Giorgos Halkias


Breathing is a manifest condition and quintessential expression of life. It has been literally and metaphorically entangled with spiritual principles inspiring sacred meanings and practices across varied religious domains. We can surmise that the periodic operation of respiration, in its heart-felt indispensability and visceral relation to life, impressed upon devoted minds and attentive bodies the sanctification of his breath. In its Buddhist unfolding, training in the discernment of inspiration and expiration is a technique for dispelling the ‘discursive mind’ and affecting an ensuing rest on a ground that is pervasive. Conscious breathing also serves as an entry to the tantric subtle body experienced as a web of flows and intensities broadcasting from a place inside the skin’s surface that is devoid of tissues, blood, bones, and organs. Essential to a number of esoteric Buddhist meditations in Tibet the mind is trained to ride the breath in its perception of three contiguous planes of experience: the surrounding environment, the physical body and the subtle body-without-organs. 

Ares’ Breath

All men who breathe out Ares more than is just

incur the gods’ wrath.


Every breath has its expiration. The Greek nouns πνοή (pnoe) and πνεύμα(pneuma) equally translate as the external wind element and the vital breath that is closely associated with an inner conscious im/pulse, or soul (ψυχή in Greek; animus in Latin). In Homeric Greek the word ψυχή (psyche) may translate as breath, the breath of life that, once having passed the hedge and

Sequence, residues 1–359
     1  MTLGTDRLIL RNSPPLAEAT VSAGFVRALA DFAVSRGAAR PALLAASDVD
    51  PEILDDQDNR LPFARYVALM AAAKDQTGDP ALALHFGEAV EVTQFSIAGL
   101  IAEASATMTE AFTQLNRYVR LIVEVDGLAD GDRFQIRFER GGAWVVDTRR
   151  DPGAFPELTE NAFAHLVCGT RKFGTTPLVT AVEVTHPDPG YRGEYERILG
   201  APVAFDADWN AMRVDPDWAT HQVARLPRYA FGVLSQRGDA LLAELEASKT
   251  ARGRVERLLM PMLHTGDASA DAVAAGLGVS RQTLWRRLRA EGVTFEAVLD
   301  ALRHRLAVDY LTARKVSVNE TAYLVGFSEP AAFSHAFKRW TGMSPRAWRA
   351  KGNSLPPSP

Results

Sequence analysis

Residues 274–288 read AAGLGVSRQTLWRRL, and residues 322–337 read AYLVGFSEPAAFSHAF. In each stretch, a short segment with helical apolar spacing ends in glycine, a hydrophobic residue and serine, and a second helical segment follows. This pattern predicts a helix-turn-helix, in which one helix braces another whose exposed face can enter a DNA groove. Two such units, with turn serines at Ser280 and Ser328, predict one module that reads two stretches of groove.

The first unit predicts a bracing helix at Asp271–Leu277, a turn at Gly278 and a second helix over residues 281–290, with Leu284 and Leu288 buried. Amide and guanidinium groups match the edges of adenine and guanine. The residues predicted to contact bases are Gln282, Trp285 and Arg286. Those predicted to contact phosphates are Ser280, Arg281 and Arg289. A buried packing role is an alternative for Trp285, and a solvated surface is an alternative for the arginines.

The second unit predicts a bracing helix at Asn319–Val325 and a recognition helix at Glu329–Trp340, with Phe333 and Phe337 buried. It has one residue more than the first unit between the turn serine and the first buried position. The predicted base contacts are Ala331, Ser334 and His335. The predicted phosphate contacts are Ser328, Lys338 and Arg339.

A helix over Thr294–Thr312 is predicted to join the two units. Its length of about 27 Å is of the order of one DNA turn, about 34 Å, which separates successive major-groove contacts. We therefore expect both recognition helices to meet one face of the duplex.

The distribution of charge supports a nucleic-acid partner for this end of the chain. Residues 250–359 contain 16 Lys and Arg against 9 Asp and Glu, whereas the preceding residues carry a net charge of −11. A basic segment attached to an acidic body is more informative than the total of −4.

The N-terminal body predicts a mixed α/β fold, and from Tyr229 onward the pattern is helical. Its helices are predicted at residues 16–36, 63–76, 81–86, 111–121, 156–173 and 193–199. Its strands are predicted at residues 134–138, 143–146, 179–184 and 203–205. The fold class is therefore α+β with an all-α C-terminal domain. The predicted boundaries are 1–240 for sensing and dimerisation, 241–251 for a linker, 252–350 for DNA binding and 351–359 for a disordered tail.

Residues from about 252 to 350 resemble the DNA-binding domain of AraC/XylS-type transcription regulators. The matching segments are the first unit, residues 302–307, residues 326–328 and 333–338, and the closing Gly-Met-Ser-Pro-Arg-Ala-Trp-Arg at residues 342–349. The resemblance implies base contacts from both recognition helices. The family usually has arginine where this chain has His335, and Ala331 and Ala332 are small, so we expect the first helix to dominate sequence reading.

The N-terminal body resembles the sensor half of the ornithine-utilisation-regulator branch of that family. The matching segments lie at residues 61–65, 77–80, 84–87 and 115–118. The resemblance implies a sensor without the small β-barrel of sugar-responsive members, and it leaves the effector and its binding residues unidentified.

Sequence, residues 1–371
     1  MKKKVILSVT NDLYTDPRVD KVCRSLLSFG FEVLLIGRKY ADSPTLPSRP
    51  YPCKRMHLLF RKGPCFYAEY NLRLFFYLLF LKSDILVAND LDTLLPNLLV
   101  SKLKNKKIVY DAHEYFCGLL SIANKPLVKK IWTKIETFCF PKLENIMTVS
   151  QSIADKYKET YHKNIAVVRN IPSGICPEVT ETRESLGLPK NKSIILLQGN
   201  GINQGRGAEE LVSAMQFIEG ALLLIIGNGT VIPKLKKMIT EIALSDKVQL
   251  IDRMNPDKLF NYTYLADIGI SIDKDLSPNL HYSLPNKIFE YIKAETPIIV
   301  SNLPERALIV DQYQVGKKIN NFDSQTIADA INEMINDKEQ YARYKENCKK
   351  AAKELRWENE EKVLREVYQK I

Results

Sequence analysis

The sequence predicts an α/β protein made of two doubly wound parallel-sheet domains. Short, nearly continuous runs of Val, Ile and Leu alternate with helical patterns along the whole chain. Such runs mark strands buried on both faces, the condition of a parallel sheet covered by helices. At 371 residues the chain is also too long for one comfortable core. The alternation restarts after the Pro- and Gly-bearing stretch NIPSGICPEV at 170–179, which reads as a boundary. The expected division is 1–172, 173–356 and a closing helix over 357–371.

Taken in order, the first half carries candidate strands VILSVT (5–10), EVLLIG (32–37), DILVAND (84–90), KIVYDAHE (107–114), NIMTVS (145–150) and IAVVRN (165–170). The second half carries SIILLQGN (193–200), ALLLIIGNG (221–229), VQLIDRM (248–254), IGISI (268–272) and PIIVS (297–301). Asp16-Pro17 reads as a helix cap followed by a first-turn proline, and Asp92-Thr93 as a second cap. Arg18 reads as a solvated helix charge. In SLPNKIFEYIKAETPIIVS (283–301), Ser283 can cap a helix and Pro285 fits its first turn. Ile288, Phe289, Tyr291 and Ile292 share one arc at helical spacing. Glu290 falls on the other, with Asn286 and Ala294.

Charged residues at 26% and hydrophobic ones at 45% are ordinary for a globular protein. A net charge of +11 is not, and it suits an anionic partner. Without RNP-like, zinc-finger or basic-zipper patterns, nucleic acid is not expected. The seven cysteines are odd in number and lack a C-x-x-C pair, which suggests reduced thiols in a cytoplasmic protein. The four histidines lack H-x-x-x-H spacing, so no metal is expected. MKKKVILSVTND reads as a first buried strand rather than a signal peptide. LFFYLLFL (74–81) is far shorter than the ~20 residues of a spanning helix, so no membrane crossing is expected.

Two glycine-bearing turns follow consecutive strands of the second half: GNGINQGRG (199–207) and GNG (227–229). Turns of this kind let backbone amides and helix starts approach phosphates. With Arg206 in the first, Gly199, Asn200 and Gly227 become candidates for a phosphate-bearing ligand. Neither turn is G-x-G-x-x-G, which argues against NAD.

bar that form the teeth, can hardly be brought back again (Keary 1881: 477).


In the realms of the Greek, human contingencies ought to be fashioned, like myths, from luminous decimals of mind and Nature’s potency ought to divine the irony in the face of all men. The Oresteia begins with a captivating event: eagles descend from the sky to capture, tear and devour a hare. The virgins devoted to the worship of Artemis interpret the oracular to mean: in order

for the winds to blow and carry the stagnant Greek fleet to the land of Troy, King Agamemnon and leader of the fleet, ought to sacrifice to the chaste goddess of the hunt the last breath of his sweet daughter Iphigenia – a human virgin to ransom the end of the ‘adverse winds of suffering’ that descended from Strymon and have caused evil leisure, starvation, the wandering of men, and the withering of the flower of the Greek race (Agamemnon 192 – 98). The shaman’s propitiation of the weather elementals, appeased with blood sacrifice, inspires Aeschylus to tell of the beginnings of a ‘karmic redistribution’ that unfolds in the royal chambers of the House of Atreus that ‘breathes out slaughter’ for King Agamemnon. The rage of an ancestral wind of genocide lingers insatiable as Agamemnon expires and ‘breathes out’ the ‘swift gushing of his blood.’ Matricide strikes the royal house when queen Clytemnestra who breathed ‘Ares on those she loves’ is avenged at the hands of her own son Orestes.[1]